Priorities, plain and simple. If it's ok to sit and warm the bench in sports, being an active member of the patrol is ok too. If one wants to be SPL then they can't be star quarterback at the same time. It's part of life, make your choices and live with them. Only a rare few excel in multiple venues because of the conflicts.

 

Stosh

 

 

Share this post


Link to post
Share on other sites

Yep band members get grades for their performances, so miss a game or pareade, and the grade goes down. As for sports, some schools consider varsity sports as a PE. So you need to make practices and games to make the grade as well. That way the "free period" is taken up with HW. Once the season is over with, then their normal PE class resumes.

 

Now it is possible to hold eagle required PORs and be active in extracurriculars. Time and planning are must, and you will NOT be in the top positions. I knwo quite a few scouts who did it, and I also did it.

Share this post


Link to post
Share on other sites

"Now it is possible to hold eagle required PORs and be active in extracurriculars. Time and planning are must, and you will NOT be in the top positions. I knwo quite a few scouts who did it, and I also did it."

 

-Renaissance Student Steering Committee

-Lifesavers

-Baseball (4 varsity letters)

-Football (2 varsity letters)

-Basketball (2 varsity letters)

-National Honor Society

-Big Brothers/Big Sisters

-3.5 GPA

 

Finished as a Life Scout by personal choice. Served as SPL, JASM, and went to National Jamboree along with summer camps. It CAN be done IF they WANT to do it.

 

Share this post


Link to post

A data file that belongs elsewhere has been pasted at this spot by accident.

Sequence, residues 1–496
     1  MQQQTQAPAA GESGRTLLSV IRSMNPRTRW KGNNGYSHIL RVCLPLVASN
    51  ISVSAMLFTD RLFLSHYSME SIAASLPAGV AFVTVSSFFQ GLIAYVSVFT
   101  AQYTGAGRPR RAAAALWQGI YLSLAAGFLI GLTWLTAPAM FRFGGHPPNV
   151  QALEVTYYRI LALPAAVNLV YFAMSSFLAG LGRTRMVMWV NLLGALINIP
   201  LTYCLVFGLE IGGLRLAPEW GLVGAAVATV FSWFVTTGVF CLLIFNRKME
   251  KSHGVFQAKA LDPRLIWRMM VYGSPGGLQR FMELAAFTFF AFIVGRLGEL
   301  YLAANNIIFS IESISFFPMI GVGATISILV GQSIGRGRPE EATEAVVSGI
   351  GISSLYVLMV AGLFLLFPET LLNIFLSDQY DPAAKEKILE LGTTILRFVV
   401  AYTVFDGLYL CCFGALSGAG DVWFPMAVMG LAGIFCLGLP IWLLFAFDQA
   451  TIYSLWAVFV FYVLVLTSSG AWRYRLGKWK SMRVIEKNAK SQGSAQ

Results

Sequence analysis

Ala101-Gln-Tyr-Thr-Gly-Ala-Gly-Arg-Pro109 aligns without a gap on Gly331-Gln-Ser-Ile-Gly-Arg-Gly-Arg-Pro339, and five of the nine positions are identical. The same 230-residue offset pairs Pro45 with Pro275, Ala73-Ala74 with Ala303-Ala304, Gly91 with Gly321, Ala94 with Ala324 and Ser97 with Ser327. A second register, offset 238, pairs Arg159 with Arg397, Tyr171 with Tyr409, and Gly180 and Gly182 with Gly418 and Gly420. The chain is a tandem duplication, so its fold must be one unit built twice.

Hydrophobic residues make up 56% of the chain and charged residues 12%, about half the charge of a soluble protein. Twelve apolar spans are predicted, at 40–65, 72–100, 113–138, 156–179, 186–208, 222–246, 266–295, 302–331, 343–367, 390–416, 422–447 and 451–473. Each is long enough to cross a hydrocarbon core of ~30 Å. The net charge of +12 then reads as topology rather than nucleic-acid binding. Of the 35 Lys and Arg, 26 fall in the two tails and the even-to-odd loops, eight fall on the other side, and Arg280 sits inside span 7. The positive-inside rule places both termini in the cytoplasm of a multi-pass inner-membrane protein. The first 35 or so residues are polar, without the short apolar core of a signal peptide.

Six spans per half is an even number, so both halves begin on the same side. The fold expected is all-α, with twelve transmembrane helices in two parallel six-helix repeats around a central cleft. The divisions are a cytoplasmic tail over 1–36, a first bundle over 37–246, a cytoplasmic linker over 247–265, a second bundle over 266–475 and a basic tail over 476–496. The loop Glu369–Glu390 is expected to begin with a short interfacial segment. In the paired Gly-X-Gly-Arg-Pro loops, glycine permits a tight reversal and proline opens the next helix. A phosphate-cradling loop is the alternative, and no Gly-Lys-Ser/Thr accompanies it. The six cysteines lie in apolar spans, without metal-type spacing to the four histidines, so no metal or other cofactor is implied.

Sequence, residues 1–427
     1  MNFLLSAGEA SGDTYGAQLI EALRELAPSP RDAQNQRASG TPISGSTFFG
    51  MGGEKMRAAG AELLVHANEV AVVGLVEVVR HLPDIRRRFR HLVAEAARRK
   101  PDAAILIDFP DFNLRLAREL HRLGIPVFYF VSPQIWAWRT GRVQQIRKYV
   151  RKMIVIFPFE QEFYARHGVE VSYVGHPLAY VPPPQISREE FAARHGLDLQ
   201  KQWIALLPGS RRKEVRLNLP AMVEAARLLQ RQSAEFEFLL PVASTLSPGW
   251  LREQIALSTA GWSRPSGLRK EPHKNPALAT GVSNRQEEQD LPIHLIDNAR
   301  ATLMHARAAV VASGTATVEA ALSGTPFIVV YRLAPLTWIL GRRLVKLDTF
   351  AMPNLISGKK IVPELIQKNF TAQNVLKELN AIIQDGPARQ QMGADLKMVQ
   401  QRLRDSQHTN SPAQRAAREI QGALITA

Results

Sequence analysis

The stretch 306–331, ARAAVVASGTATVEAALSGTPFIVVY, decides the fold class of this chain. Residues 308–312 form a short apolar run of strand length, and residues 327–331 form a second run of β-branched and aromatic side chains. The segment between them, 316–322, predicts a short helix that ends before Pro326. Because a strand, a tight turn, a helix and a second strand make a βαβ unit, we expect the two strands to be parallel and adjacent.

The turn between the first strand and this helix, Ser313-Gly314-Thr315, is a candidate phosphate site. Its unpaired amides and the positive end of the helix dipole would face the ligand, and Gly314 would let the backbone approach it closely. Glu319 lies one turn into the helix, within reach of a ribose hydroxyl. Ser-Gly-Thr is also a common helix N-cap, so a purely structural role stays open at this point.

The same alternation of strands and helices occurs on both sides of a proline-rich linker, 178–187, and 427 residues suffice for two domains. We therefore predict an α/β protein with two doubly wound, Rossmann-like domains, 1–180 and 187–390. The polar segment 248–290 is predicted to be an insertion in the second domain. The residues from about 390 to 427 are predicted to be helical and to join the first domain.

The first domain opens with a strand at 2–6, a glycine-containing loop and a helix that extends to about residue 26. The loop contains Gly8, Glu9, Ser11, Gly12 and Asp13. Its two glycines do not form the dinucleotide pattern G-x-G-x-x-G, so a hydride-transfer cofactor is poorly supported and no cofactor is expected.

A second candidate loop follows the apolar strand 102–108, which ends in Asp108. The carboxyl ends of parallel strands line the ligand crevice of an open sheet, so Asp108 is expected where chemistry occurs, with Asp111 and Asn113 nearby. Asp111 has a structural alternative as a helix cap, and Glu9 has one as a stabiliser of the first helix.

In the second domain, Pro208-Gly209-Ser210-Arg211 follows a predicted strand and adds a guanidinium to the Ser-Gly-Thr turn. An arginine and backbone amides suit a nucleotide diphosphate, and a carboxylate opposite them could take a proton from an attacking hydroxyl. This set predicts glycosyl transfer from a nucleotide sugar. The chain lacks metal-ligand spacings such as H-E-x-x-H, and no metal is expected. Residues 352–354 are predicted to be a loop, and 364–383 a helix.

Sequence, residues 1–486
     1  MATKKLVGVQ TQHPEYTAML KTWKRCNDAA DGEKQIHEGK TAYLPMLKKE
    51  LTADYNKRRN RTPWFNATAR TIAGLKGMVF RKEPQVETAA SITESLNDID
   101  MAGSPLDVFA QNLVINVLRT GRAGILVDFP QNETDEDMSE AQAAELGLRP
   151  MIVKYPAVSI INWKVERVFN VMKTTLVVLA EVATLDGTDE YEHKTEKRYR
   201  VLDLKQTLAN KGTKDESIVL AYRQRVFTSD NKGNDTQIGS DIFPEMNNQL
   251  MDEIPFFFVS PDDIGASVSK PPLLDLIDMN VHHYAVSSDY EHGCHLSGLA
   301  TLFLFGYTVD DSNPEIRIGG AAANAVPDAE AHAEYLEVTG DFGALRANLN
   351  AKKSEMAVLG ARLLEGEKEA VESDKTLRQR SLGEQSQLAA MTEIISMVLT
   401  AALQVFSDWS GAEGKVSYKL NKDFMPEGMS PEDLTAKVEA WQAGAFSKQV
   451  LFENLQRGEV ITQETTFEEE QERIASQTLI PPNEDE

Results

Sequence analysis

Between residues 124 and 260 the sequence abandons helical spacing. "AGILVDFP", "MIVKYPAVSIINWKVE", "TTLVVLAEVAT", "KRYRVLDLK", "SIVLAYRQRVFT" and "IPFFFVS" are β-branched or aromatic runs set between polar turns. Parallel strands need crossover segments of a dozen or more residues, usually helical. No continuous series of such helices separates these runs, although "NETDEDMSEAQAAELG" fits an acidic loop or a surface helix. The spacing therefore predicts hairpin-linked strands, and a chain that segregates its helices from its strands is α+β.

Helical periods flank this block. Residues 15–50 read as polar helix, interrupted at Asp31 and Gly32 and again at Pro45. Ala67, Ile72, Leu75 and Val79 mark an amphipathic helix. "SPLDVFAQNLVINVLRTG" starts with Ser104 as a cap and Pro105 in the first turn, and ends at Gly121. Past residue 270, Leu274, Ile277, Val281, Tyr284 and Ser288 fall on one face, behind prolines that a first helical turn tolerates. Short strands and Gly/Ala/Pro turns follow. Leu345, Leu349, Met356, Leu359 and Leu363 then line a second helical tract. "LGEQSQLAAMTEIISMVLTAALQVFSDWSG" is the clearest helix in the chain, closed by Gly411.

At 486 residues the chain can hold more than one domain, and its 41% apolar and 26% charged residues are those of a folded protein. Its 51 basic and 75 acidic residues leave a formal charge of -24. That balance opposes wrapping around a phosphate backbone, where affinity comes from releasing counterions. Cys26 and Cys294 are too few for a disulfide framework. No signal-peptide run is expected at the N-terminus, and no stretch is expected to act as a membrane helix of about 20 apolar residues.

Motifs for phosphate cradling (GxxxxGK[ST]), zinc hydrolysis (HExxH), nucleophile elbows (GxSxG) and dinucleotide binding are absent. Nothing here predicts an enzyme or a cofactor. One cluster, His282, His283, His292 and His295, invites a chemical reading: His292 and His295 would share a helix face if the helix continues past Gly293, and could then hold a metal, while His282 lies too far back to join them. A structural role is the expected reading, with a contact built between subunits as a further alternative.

Share on other sites

Also consider that band, theatre and high school athletics have a captive audience to draw from. Students are surrounded by the trappings of their activities every day they go to school. The awards fill the display cases in the lobby. The coaches and band/theatre teachers are often popular, many times the beneficiaries of a hometown cult of personality. It's an educationally-sanctioned in-crowd.

 

The bigger picture, at least where I'm from, is that a ton of kids think that they have a future as professional athletes - a dream encouraged wholeheartedly by their parents and coaches. When they get to college or try out for the big leagues directly, they realize they experienced (were the victims of?) Big Fish/Small Pond Syndrome, and by then it's too late for a redo.

 

For every major league ballplayer, there are hundreds of young men who spend years in the minors, selling TVs at Sears on the side to pay the rent while dreaming of something that's never going to happen. There are thousands more who might have made it to the bigs, but fell hard when a knee blew out or a rotator cuff got injured.

 

Scouting, on the other hand, offers some pretty intangible benefits. To a starry-eyed ESPN-watcher, the challenge of earning Eagle or visiting Philmont has a real hard time stacking up against the possibility of a career with TV endorsements and dates with models. Or just an article in the local paper and a date with a cheerleader.

Share this post


Link to post
Share on other sites

kraut,

 

In our troop, we counsel the boys that there will be certain expectations when they are in a POR. If you are SPL.....you are SPL. You need to be there unless providentially hindered. We counsel them not to seek office during their season as they have obligations that will prevent them from meeting their POR obligations. If they run and get elected and then don't show up, they don't get credit for the POR. Therefore, we tell them to run when they can devote their time just like they have to do with sports and band.

Share this post


Link to post
Share on other sites